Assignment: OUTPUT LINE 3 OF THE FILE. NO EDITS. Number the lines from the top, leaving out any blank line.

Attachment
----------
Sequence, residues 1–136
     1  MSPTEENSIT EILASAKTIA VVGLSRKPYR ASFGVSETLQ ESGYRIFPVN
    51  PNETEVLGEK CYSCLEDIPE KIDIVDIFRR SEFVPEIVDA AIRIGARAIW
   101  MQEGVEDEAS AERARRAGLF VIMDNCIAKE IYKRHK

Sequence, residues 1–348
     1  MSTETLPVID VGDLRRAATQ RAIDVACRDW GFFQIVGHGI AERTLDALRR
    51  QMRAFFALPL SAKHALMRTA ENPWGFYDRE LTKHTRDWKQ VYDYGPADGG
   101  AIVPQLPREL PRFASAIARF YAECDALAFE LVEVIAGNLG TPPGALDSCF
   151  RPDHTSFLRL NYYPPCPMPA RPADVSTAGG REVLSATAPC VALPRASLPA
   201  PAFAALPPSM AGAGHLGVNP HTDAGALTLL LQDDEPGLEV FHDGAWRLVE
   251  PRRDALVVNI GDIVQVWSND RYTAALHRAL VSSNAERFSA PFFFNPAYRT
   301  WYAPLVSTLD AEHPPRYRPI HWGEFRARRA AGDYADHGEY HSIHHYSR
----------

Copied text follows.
    51  PNETEVLGEK CYSCLEDIPE KIDIVDIFRR SEFVPEIVDA AIRIGARAIW